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7th Circuit rules against fired animal shelter worker

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The 7th Circuit Court of Appeals has affirmed summary judgment for the city of Jeffersonville after finding that a terminated employee’s lawsuit claiming her firing violated the Americans with Disabilities Act can’t proceed because the woman doesn’t qualify as “disabled” under the ADA.

Angelina Povey injured her wrist while working as an attendant at the city’s animal shelter. This injury caused her job duties to be restricted and placed more requirements on the other employees to work more weekends. A co-worker began harassing Povey because of the effect of her injury on his schedule. She reported the co-worker’s comments, and the two were assigned to duties away from each other while working.

Shortly after Povey filed a complaint against the co-worker, the city learned that Povey’s permanent physical restrictions would leave her unable to perform any of the essential functions of an adoption kennel attendant. Her employment was then terminated.

She filed her lawsuit alleging discrimination under the ADA and that she was fired in retaliation for her prior complaints of discrimination and harassment. U.S. Judge Richard Young granted summary judgment for the city, finding Povey failed to demonstrate she was a qualified individual under the ADA. She didn’t provide evidence that her wrist injury impaired her from completing daily tasks; her perceived impairment foreclosed her from accepting a broad range or class of jobs; she was perceived unable to perform manual tasks; she was a qualified individual as defined under the ADA; and she was terminated in retaliation for exercising her rights under the ADA.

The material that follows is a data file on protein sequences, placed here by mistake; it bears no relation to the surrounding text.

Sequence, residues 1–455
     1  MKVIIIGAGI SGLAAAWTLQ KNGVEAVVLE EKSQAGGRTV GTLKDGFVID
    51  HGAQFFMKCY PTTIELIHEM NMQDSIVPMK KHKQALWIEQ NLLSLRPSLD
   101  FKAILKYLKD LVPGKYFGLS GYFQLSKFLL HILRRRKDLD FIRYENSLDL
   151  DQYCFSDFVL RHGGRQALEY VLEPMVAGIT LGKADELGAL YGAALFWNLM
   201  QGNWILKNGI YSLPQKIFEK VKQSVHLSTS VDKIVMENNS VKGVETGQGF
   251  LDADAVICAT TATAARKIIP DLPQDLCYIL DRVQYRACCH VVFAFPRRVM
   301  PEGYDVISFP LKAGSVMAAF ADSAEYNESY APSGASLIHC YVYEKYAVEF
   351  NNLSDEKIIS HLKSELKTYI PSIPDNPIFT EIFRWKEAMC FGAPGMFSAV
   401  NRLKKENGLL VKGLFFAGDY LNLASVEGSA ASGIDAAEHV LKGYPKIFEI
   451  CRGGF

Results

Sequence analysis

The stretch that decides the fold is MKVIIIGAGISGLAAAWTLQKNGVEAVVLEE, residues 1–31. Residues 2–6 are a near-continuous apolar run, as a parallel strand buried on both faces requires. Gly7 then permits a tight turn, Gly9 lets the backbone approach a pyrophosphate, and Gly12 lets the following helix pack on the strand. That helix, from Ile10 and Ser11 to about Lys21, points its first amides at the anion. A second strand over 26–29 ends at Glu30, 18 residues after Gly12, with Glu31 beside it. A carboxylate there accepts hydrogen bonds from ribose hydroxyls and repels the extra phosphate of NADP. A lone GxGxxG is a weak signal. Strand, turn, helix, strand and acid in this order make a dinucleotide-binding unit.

Povey argued on appeal that the city regarded her as having a substantial impairment that limited her abilities in the major life activity of working, pointing to comments from her supervisors. One supervisor said that  Povey wasn’t able to use her right hand, and another believed Povey’s work restrictions prevented her from performing her job and that the city didn’t have a job for someone with a permanent disability.

In Angelina Povey v. City of Jeffersonville, Indiana, 11-1896, the 7th Circuit rejected her claims, finding none of the statements to be so sweeping as to exclude Povey from a broad class of jobs. Those statements don’t constitute facts from which a jury could reasonably conclude that Jeffersonville regarded Povey as disabled under the ADA, wrote Judge Sharon Johnson Coleman, District Judge for the Northern District of Illinois, who is sitting by designation.

Povey is not protected by the ADA provisions, and her retaliation claim under the ADA also fails.
 

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  1. Paul Ogden doing a fine job of remembering his peer Gary Welsh with the post below and a call for an Indy gettogether to celebrate Gary .... http://www.ogdenonpolitics.com/2016/05/indiana-loses-citizen-journalist-giant.html Castaways of Indiana, unite!

  2. It's unfortunate that someone has attempted to hijack the comments to promote his own business. This is not an article discussing the means of preserving the record; no matter how it's accomplished, ethics and impartiality are paramount concerns. When a party to litigation contracts directly with a reporting firm, it creates, at the very least, the appearance of a conflict of interest. Court reporters, attorneys and judges are officers of the court and must abide by court rules as well as state and federal laws. Parties to litigation have no such ethical responsibilities. Would we accept insurance companies contracting with judges? This practice effectively shifts costs to the party who can least afford it while reducing costs for the party with the most resources. The success of our justice system depends on equal access for all, not just for those who have the deepest pockets.

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